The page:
JERUSALEM (Reuters) -- Prime Minister Benjamin Netanyahu paused his signature plan to overhaul Israel's judiciary after a day of nationwide turmoil when workers joined a general strike against the proposal and hundreds of thousands of protesters took to the streets.
The plans by his nationalist religious coalition to hand control over judicial appointments to the executive while giving parliament the power to overturn Supreme Court rulings has ignited one of the biggest internal crises in Israeli history.
Announcing his decision late on Monday to suspend the plans until parliament returns after the break for the Passover holiday and Independence Day next month, Netanyahu said the crisis required all sides to act responsibly.
"Israeli society is on a dangerous collision course. We are in the midst of a crisis that is endangering the basic unity between us," he said in a prime-time television address.
As he made the address, huge crowds had gathered in Jerusalem and Tel Aviv, including a large counter-demonstration by right-wing supporters of the overhaul. Their presence prompted fears of possible violence between the two sides but the evening passed with no reports of major violence.
While Netanyahu and his supporters say the plans would ensure a proper balance between the elected government and the judiciary and would not endanger individual and minority rights, they have drawn sustained and furious opposition.
For months, hundreds of thousands of demonstrators have taken to the streets of Tel Aviv, Jerusalem and other cities to protest a project its critics say would destroy the checks and balances protecting Israeli democracy.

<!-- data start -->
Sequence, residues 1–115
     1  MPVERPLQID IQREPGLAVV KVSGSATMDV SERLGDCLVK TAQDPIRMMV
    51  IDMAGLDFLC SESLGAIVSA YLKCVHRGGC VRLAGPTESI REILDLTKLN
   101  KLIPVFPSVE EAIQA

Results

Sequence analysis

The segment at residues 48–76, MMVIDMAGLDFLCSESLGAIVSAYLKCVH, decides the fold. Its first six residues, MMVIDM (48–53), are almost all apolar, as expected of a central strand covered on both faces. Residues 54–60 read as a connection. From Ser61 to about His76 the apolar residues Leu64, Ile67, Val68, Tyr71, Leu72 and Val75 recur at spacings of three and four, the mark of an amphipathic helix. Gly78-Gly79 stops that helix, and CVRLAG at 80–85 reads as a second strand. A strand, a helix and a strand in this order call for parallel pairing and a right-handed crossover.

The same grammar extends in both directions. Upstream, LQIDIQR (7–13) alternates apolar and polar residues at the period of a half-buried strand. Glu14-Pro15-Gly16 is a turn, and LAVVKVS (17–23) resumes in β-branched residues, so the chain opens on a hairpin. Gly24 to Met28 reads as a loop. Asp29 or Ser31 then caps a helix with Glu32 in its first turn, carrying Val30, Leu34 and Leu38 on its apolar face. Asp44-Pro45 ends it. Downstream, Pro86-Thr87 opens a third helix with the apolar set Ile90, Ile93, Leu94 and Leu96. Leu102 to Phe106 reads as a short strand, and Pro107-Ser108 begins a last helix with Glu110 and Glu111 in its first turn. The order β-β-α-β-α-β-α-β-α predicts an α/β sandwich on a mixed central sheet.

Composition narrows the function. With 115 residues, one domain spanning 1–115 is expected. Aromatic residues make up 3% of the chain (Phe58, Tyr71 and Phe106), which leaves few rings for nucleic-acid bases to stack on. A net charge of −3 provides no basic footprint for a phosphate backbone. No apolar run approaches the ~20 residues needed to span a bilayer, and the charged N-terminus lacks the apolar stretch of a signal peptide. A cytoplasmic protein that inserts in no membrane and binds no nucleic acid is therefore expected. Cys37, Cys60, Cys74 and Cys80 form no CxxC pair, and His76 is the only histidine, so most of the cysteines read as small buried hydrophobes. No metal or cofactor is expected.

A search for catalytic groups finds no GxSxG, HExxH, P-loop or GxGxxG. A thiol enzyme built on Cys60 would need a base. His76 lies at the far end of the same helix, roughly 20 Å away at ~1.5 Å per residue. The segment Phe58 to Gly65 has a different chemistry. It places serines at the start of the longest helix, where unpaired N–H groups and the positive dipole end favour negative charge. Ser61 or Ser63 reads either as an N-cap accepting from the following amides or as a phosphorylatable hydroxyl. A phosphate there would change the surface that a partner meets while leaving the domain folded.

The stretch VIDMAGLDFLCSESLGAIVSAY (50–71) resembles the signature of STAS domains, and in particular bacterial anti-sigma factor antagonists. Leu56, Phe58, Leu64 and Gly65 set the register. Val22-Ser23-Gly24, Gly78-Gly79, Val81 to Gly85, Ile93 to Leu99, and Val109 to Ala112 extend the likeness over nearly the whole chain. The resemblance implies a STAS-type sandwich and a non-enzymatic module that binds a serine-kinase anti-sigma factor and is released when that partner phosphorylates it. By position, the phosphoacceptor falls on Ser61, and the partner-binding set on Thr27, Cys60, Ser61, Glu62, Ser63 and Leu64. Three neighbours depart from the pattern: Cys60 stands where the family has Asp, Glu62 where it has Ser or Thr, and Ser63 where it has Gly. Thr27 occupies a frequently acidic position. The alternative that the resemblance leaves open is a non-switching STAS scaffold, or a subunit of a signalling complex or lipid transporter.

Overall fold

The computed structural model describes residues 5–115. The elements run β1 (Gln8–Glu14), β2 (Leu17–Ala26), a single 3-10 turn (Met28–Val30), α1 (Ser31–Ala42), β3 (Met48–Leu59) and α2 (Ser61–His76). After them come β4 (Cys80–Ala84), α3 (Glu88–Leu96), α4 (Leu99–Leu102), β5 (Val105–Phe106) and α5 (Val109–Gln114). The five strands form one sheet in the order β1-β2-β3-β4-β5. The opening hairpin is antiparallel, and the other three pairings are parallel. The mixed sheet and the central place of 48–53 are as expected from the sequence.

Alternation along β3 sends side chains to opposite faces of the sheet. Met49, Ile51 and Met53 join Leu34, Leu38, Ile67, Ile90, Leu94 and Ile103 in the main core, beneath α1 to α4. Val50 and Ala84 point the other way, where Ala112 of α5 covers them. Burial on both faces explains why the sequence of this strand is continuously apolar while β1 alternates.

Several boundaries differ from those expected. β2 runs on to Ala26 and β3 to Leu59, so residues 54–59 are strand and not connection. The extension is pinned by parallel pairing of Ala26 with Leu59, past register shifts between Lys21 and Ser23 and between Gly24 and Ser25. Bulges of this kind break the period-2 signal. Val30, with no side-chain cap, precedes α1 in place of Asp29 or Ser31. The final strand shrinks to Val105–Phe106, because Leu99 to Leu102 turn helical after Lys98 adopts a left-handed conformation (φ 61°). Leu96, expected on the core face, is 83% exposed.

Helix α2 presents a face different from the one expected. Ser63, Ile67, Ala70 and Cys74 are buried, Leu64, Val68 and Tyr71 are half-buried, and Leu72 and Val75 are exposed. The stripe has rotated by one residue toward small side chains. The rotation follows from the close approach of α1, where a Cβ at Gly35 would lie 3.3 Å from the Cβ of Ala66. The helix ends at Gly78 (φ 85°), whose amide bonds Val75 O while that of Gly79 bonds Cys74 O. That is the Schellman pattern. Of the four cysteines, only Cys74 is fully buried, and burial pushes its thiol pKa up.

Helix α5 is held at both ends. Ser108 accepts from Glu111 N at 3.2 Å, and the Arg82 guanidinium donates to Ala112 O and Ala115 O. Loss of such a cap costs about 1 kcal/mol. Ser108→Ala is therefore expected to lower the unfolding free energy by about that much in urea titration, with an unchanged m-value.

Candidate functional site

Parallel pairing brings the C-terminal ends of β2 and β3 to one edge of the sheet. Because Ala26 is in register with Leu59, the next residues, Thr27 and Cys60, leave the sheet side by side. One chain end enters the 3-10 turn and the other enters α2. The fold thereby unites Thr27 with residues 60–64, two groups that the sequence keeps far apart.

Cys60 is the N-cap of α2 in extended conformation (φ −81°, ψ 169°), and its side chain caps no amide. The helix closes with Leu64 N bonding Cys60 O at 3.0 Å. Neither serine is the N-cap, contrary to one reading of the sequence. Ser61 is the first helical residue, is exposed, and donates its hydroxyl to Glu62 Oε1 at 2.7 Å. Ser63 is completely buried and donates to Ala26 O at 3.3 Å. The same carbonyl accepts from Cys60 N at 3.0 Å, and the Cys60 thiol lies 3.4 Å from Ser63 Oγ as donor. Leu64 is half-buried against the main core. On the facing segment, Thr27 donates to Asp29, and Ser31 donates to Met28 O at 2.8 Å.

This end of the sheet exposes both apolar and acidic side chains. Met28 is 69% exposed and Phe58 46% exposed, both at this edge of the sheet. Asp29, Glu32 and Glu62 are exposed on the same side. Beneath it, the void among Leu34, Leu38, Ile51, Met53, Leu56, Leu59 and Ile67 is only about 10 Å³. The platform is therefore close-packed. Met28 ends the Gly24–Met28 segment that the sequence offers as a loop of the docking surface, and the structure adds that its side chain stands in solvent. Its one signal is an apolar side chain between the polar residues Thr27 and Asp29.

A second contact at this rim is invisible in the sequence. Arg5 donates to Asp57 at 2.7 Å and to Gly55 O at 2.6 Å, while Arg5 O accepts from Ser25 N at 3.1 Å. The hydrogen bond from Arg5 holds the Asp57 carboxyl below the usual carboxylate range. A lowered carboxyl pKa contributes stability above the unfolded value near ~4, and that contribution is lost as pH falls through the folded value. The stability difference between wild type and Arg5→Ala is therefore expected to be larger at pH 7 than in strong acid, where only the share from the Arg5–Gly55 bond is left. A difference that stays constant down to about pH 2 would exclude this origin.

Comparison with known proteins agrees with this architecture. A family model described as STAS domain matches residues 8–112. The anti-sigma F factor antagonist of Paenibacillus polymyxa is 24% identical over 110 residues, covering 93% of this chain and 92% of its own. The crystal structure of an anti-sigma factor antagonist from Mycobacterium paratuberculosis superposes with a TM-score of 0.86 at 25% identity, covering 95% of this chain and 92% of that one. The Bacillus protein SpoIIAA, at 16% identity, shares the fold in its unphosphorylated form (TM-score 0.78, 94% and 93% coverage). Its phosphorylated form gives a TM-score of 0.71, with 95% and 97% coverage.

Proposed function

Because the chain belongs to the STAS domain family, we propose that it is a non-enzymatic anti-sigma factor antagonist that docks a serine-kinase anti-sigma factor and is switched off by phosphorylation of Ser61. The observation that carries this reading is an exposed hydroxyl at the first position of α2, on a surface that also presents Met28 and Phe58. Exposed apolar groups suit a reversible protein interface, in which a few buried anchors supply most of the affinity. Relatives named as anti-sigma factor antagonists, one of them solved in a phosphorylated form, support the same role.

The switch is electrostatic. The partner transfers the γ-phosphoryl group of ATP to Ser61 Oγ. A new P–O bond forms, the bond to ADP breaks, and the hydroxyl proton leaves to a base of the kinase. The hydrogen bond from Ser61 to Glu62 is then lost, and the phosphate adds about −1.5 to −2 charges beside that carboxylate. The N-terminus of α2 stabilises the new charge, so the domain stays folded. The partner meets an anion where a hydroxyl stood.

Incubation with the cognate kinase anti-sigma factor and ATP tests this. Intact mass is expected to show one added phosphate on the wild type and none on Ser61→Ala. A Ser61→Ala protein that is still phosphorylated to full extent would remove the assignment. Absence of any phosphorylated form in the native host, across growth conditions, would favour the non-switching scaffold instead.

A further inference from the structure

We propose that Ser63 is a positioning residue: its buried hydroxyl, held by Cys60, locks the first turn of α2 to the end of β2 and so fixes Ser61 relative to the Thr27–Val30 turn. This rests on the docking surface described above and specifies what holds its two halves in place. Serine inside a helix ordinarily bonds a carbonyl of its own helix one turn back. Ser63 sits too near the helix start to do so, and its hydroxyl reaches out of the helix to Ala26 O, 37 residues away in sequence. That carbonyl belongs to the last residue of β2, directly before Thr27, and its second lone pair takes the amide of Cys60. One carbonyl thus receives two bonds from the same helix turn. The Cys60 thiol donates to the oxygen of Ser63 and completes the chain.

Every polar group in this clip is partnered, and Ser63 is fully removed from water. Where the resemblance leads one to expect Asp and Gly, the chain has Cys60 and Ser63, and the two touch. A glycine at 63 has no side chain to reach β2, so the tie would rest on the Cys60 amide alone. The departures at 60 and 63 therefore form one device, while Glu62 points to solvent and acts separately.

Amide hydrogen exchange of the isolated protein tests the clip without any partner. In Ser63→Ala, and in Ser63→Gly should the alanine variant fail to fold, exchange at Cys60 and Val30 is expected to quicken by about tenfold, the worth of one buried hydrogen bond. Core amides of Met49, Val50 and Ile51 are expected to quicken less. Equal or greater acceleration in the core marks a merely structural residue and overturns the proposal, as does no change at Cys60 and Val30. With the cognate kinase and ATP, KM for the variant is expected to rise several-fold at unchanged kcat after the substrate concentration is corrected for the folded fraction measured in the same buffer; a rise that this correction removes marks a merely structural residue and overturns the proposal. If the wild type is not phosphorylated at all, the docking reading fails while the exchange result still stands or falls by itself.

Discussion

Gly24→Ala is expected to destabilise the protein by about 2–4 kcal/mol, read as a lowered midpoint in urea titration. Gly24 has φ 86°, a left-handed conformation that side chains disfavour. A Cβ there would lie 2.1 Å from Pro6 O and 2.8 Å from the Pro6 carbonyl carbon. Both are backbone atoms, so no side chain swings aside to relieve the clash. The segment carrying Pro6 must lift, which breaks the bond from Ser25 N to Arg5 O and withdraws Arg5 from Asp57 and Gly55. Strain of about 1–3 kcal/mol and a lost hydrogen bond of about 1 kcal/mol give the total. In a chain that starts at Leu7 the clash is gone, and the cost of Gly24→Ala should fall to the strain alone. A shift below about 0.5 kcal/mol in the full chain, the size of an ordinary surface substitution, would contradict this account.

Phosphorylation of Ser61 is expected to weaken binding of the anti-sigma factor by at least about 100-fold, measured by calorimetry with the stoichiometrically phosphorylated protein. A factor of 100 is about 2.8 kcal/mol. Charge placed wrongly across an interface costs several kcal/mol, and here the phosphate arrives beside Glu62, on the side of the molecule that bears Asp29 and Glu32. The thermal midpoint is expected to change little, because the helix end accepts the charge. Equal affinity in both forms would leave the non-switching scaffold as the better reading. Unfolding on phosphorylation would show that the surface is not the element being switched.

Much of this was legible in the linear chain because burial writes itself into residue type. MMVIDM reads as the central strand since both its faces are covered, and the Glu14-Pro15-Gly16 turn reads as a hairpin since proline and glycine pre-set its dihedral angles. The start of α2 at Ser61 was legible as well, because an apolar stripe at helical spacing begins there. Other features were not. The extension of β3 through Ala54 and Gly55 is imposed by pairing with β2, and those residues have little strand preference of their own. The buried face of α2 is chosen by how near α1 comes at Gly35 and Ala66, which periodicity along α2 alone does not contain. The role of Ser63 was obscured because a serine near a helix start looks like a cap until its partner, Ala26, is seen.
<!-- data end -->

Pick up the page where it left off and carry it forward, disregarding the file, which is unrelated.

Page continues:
Netanyahu, currently on trial on corruption charges which he denies, had previously promised the overhaul would not pose a threat to individual rights but had given no sign of giving way on any of its essentials.
The decision to suspend the overhaul followed an extraordinary weekend in which Defence Minister Yoav Gallant was sacked after warning the divisions caused by the plans had affected the military and were threatening national security.
His dismissal by Netanyahu led thousands to take to the streets and Israel's President Isaac Herzog to urge a halt.
The Histadrut trade union organization called a general strike that prompted flights from Ben Gurion Airport to be suspended and businesses from banks to McDonald's fast-food restaurants to close.
An early rally in Israel's shekel currency out after Netanyahu suspended the overhaul with its eventual fate uncertain.
Coming at a time when Israel faces a prolonged security crisis in the occupied West Bank as well as rising tensions with Iran, Gallant's dismissal had appeared to many a sign that the government had set aside the national interest.
While opposition parties gave a cautious welcome to Netanyahu's decision to suspend the overhaul to allow time to reach an agreement, many protesters remained mistrustful.
"I will continue protesting until these reforms are completely dropped because this isn't a set of reforms, this is a coup by the executive," Eitan Kahana, a 27-year-old demonstrator in Jerusalem said.
Within his own coalition, there was also some unhappiness, with hard-line Finance Minister Bezalel Smotrich declaring the decision to suspend the overhaul was a mistake but promising to accept the prime minister's decision.
Arab broadcasters carried rolling coverage of the Israeli crisis with some Arabs saying they hoped it would lead to Netanyahu's political demise and others expressing hope of more far-reaching consequences for Israel.
The United States welcomed Netanyahu's action.